Americans Don’t Hate Taxes, They Hate Paying Taxes
University of British Columbia Law Review, Vol. 44, No. 3, p. 835, 2011
56 Pages Posted: 2 Apr 2011 Last revised: 11 Jan 2012
Date Written: March 31, 2011
This Article recommends reforming the way Americans pay taxes with a plan that eases the burden for taxpayers and paid preparers, and communicates with taxpayer-citizens in a more responsive, dialogic fashion. By leveraging technology and exploiting the government’s core competency for maximizing efficiencies in filing taxes, the plan slashes costs (monetary as well as psychological), and offers a consumer friendly, secure, and educational tax-filing portal.
The proposed “data retrieval” platform allows taxpayers and preparers to view, access, and download tax information from a secure database maintained by the government. Rather than having to gather this information from employers, financial institutions, and third parties, taxpayers and their advisors rely on a centralized clearinghouse. Taxpayers with sophisticated returns may still need to input certain information, such as charitable contributions and some capital gains, but data retrieval can simplify filing for all 145 million taxpayers. It also offers an opportunity to communicate with taxpayers and preparers, listen to concerns, meet needs, and improve the system through a dialogue that enhances fiscal literacy and tax consciousness.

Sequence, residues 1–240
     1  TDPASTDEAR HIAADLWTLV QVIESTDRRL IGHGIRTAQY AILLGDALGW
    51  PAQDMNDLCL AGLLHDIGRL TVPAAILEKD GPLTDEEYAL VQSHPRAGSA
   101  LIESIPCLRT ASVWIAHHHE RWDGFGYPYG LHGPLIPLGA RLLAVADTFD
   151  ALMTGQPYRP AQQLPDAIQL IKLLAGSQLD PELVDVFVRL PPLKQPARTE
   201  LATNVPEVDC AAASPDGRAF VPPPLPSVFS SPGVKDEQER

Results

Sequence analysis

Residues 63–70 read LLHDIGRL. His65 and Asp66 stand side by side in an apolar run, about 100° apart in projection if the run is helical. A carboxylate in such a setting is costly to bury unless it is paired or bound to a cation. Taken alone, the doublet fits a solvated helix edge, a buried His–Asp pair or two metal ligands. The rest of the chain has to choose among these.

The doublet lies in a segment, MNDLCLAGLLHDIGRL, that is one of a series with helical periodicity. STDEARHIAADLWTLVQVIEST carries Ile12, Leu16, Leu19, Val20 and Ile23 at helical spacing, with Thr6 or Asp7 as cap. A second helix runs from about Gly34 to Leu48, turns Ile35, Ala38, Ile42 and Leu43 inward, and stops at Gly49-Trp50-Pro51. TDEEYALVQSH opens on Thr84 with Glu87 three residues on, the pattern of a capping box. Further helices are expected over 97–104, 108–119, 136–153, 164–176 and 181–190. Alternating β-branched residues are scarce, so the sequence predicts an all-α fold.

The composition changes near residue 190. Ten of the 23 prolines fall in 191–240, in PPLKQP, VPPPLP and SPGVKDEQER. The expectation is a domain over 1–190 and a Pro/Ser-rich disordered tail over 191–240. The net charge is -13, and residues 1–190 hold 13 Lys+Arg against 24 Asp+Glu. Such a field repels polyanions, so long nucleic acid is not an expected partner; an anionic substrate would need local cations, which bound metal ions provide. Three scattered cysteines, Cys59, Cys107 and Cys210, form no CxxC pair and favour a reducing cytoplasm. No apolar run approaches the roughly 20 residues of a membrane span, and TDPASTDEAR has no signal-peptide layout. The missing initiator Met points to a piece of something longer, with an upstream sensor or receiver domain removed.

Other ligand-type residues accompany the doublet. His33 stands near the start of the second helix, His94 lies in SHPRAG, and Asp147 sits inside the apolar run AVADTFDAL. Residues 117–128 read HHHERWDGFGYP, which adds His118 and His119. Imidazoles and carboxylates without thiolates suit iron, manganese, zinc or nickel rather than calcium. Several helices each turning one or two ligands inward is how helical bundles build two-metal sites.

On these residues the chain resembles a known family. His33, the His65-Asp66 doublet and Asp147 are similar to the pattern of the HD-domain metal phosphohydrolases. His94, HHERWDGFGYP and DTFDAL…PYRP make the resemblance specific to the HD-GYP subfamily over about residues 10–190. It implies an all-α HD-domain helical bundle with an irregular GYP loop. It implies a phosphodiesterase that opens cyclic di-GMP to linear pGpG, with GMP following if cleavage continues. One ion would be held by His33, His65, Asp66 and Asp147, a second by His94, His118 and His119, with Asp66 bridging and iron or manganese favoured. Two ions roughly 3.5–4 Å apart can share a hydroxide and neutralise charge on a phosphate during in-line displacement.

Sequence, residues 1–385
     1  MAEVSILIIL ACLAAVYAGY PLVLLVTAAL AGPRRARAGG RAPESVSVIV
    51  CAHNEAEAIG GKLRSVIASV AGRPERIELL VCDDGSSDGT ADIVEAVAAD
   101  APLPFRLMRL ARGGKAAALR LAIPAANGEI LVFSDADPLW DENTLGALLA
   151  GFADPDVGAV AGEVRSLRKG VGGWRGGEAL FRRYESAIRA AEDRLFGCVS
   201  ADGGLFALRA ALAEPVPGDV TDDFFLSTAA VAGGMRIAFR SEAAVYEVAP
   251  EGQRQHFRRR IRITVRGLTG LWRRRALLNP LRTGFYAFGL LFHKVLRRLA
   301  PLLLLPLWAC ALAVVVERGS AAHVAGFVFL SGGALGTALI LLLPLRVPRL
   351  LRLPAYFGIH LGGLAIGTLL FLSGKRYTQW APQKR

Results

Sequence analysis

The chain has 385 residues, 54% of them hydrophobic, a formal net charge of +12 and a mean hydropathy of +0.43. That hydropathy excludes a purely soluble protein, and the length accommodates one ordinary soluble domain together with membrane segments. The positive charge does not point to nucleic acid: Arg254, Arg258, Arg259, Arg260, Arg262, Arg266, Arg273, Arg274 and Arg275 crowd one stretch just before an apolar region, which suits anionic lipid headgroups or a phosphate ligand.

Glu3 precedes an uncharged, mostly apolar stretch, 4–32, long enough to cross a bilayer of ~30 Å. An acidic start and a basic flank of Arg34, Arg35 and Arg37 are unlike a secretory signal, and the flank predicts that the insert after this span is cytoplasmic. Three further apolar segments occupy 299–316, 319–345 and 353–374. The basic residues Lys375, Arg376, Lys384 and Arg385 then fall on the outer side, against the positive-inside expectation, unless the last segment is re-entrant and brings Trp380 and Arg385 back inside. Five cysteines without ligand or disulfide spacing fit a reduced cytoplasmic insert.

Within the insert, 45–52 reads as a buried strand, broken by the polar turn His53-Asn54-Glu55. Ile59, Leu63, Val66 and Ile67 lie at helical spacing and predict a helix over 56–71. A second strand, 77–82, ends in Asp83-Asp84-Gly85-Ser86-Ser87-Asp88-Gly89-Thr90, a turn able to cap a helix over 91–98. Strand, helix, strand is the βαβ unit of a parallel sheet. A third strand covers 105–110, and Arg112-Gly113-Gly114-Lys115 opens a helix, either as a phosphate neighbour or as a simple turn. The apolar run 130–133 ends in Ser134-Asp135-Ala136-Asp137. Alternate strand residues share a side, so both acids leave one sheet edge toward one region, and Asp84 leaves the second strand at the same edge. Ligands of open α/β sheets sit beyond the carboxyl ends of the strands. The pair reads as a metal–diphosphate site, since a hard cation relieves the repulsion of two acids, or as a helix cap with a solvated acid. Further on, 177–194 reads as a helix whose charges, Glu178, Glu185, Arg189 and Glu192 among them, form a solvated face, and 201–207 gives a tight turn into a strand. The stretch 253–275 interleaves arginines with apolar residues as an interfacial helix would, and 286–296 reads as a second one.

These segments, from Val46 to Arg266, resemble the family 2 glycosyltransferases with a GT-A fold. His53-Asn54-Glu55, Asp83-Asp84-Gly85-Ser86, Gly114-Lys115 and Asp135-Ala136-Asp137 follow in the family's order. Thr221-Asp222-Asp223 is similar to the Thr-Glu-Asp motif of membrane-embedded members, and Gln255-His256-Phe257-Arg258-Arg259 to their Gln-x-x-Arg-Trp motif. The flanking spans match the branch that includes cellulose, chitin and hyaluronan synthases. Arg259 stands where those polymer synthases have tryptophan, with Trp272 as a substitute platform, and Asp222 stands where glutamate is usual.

Finally, the government - not the private sector - is uniquely positioned to lead this reform. Data retrieval leverages the government’s competitive advantage and core competency in the area of tax filing. Under current taxpayer confidentiality laws, the private sector is prohibited from providing a comparable service for maintaining and updating a centralized database that contains sensitive tax account information. Only the government can bring these efficiencies to the filing process, and ease the filing burden for all taxpayers and their advisors.
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